dream you scribbled illegibly in the leather
bound notebook you keep
by the side of the bed to remind yourself
you are a writer, the dream
that has slipped away like wet
spaghetti down the drain
of your unconscious mind, I would.

But wouldn’t you persist in reworking
every line, creating a narrative subplot,
pruning each excess syllable as you chip
away at this unwieldy hunk of rock, believing
in its essential beauty, believing something
that started with such promise can’t possibly
belong in the scrap yard of broken poems.

You could abandon it like a movie star
ends a marriage, hoping
the next time the stars will align
or you can recommit to the toil of a deeper love
where you question not just the words
but yourself, where you open yourself
to the life of the poem, surrender to it
and love it not for what you want it to be
but for what it is trying to become.

But in any case I want you to believe,
as I sometimes do, in the afterglow
of verbal love making, that I’ve penetrated
some barely perceptible fissure
in the otherwise seamless marble of meaning,
a fissure that has been staring out
into the existential abyss waiting for someone,
and in this case me, to notice.
I want you to imagine you could have written
this poem, even rue the fact that you didn’t,
and still be glad that someone did.


- Tom Mallouk

Monday, August 5, 2013

Editor Q & A: Suzannah Windsor, of Compose, on Starting the Journal, Submissions, and Full Plates

Over the past six months, I've been getting a new view, from the other side of the desk, as creative nonfiction editor for the new online journal Compose. We're now in the middle of reading, selecting, and editing material for the Fall 2013 issue (the journal's second).  Founder and editor-in-chief Suzannah Windsor (you may know her as founder of the group blog Write It Sideways), took a few minutes to talk to me about her journal start-up experience and plans.

Lisa Romeo:  To date, about fours months into the process of inviting submissions for future issues, what has surprised you the most -- pleasantly or not -- from the editor's seat?

Suzannah Windsor: I have to say I was surprised by the number of submissions we received in the first month, because I assumed things would be a bit quiet in the beginning. I've also been pleasantly surprised at the quality of the submissions; the majority are polished and professional, even if not quite right for us. While we've received some submissions from newer writers, many are MFA graduates with several publications already under their belts. Others have collections of short stories or poetry forthcoming or published by small presses. It's lovely that we're getting a combination of new writers, emerging writers, and established writers all at once, and it's encouraging that they're interested in working with us, in particular.

LR: What has the experience been like for you in setting up the journal, establishing submission guidelines, creating the editors' roles, and more or less mothering the whole enterprise into existence?

SW: It's been a whole lot of work and plenty of trial-and-error to get where we are today. Many of the problems or inefficiencies we've faced have been things that couldn't really have been anticipated until they happened, so we've had to think on our feet. The biggest challenge has been just getting everything in place and running smoothly. There's a big difference between starting a literary journal and building a successful literary journal, and that's both an exciting challenge and an incredibly daunting task. Even when I think I've gotten ahead of my to-do list, there's always plenty more I could be doing.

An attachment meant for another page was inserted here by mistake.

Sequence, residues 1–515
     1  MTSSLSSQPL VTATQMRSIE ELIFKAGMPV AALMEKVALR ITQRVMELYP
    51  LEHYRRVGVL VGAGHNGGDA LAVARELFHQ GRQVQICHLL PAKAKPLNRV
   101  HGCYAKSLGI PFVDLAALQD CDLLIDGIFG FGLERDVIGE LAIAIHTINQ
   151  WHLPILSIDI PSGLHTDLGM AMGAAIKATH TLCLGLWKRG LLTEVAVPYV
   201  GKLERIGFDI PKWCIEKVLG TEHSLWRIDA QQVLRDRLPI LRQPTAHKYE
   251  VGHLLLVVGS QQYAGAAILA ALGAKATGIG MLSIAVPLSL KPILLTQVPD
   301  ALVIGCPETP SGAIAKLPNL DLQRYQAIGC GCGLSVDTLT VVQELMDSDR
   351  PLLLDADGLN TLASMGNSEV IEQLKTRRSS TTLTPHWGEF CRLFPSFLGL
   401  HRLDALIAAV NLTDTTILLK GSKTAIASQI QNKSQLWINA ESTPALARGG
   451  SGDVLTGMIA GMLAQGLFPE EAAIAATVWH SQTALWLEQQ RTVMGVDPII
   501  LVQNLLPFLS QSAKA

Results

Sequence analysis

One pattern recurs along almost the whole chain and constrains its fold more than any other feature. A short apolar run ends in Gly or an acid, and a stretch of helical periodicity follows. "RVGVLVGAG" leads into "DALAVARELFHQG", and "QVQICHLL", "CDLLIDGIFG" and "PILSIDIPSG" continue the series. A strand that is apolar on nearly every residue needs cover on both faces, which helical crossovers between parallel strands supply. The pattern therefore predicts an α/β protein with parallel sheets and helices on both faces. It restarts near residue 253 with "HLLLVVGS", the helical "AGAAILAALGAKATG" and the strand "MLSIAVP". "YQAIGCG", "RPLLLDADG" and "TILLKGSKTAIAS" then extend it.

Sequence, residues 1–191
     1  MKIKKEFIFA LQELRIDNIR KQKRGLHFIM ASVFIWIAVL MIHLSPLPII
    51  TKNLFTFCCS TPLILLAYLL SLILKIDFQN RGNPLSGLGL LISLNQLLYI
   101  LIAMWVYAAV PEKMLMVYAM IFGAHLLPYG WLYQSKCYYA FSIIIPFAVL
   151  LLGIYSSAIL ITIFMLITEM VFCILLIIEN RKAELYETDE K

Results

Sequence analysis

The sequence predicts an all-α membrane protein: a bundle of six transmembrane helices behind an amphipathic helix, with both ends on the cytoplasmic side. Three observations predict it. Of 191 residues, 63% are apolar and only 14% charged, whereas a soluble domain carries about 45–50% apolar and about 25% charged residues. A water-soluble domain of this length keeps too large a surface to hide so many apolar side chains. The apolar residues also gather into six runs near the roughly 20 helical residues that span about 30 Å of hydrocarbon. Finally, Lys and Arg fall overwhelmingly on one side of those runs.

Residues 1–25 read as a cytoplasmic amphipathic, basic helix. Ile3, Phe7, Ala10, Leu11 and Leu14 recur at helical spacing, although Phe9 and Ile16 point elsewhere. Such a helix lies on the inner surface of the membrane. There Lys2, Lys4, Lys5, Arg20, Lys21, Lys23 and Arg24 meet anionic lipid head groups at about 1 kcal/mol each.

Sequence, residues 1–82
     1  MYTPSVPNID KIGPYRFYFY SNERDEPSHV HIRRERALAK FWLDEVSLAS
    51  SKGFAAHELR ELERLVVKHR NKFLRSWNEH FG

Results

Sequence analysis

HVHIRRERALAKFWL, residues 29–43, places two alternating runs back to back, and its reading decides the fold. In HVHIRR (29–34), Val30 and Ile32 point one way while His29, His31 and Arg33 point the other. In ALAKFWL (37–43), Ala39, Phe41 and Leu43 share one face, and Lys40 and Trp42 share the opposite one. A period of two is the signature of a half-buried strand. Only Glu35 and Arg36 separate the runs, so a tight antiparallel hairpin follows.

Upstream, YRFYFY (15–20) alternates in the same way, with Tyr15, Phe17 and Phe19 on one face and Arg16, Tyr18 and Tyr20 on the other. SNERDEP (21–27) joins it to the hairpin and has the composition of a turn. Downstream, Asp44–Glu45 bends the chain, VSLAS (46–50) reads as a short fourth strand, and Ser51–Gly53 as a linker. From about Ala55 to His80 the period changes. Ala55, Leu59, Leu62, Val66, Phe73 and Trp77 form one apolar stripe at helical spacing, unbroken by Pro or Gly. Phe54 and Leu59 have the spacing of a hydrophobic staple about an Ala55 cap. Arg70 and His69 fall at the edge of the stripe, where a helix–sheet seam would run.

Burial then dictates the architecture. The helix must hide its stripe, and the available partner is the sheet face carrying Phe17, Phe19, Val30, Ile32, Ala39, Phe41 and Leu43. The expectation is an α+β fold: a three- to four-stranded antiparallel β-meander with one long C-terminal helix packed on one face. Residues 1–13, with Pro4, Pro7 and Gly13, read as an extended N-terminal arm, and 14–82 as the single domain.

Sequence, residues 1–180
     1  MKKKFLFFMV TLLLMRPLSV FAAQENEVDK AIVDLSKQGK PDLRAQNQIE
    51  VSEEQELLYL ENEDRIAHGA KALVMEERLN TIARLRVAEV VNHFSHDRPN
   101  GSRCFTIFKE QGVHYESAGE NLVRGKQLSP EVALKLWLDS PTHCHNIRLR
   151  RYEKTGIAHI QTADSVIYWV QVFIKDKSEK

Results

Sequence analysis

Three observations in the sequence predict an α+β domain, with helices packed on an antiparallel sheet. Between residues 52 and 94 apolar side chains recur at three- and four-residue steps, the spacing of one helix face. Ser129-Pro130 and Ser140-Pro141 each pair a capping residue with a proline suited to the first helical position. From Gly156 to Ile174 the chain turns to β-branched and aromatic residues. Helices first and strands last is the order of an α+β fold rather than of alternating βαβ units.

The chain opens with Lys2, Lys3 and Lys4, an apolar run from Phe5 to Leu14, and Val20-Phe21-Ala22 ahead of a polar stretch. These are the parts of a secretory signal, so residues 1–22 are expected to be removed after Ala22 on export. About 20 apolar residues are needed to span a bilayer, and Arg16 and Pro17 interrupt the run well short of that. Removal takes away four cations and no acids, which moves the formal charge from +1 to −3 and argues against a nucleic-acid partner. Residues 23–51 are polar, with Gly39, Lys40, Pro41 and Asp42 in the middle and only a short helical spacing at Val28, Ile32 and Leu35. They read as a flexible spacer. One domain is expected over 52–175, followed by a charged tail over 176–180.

LR:  If I'm not mistaken, Compose has editors who live on three different continents. Was that your intention, to infuse the editorial decision-making process with an international world view, or just coincidence?

SW: At the moment, we're divided between the United States and Australia, but if you count our home countries, we range from the US to Canada, Australia, Cuba and Dominican Republic. It wasn't at all intentional, but I do think an international perspective is an advantage. Because we're an online publication and our readers are from all over the world, we want to be able to provide them with a culturally diverse reading experience.

LR:  Surely with your work on Write it Sideways, and your own personal creative writing, as well as a busy family life, you had a lot on your agenda already. So what was it about the idea of an online literary journal that spurred you into action? 

SW: I'll admit—with four children (including toddler twins)—I am committed-to-the-max at the moment. But, I'm also aware that in a few years all of my children will be in school and I'll suddenly have a lot more time to commit to my work. Between now and then, I'd like to build up my writing and editing experience as much as possible. Compose has been a good step toward gaining that experience, but it's also something I've wanted to do for a long time because of my love for reading and writing short fiction. The journal is both good experience and a passion project.